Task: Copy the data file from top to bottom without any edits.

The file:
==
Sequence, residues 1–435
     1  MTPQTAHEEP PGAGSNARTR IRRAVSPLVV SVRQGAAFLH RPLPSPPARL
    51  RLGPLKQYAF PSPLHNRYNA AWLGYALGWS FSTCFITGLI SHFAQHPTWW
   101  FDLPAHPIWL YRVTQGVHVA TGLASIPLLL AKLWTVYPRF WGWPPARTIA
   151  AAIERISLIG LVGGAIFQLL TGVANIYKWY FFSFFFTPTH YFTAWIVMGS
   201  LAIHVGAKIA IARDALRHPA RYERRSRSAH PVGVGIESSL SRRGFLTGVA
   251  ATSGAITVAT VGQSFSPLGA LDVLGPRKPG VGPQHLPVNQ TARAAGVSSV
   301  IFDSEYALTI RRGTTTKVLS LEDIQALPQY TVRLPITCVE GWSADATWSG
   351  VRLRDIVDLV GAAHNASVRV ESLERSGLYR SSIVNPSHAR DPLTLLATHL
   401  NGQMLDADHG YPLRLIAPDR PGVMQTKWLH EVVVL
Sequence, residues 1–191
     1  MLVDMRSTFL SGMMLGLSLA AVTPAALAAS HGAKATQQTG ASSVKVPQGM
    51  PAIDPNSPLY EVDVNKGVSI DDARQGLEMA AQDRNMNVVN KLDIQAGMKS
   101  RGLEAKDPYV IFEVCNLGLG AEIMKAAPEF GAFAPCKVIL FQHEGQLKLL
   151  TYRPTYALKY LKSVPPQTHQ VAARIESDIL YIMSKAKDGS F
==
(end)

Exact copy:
Sequence, residues 1–435
     1  MTPQTAHEEP PGAGSNARTR IRRAVSPLVV SVRQGAAFLH RPLPSPPARL
    51  RLGPLKQYAF PSPLHNRYNA AWLGYALGWS FSTCFITGLI SHFAQHPTWW
   101  FDLPAHPIWL YRVTQGVHVA TGLASIPLLL AKLWTVYPRF WGWPPARTIA
   151  AAIERISLIG LVGGAIFQLL TGVANIYKWY FFSFFFTPTH YFTAWIVMGS
   201  LAIHVGAKIA IARDALRHPA RYERRSRSAH PVGVGIESSL SRRGFLTGVA
   251  ATSGAITVAT VGQSFSPLGA LDVLGPRKPG VGPQHLPVNQ TARAAGVSSV
   301  IFDSEYALTI RRGTTTKVLS LEDIQALPQY TVRLPITCVE GWSADATWSG
   351  VRLRDIVDLV GAAHNASVRV ESLERSGLYR SSIVNPSHAR DPLTLLATHL
   401  NGQMLDADHG YPLRLIAPDR PGVMQTKWLH EVVVL
Sequence, residues 1–191
     1  MLVDMRSTFL SGMMLGLSLA AVTPAALAAS HGAKATQQTG ASSVKVPQGM
    51  PAIDPNSPLY EVDVNKGVSI DDARQGLEMA AQDRNMNVVN KLDIQAGMKS
   101  RGLEAKDPYV IFEVCNLGLG AEIMKAAPEF GAFAPCKVIL FQHEGQLKLL
   151  TYRPTYALKY LKSVPPQTHQ VAARIESDIL YIMSKAKDGS F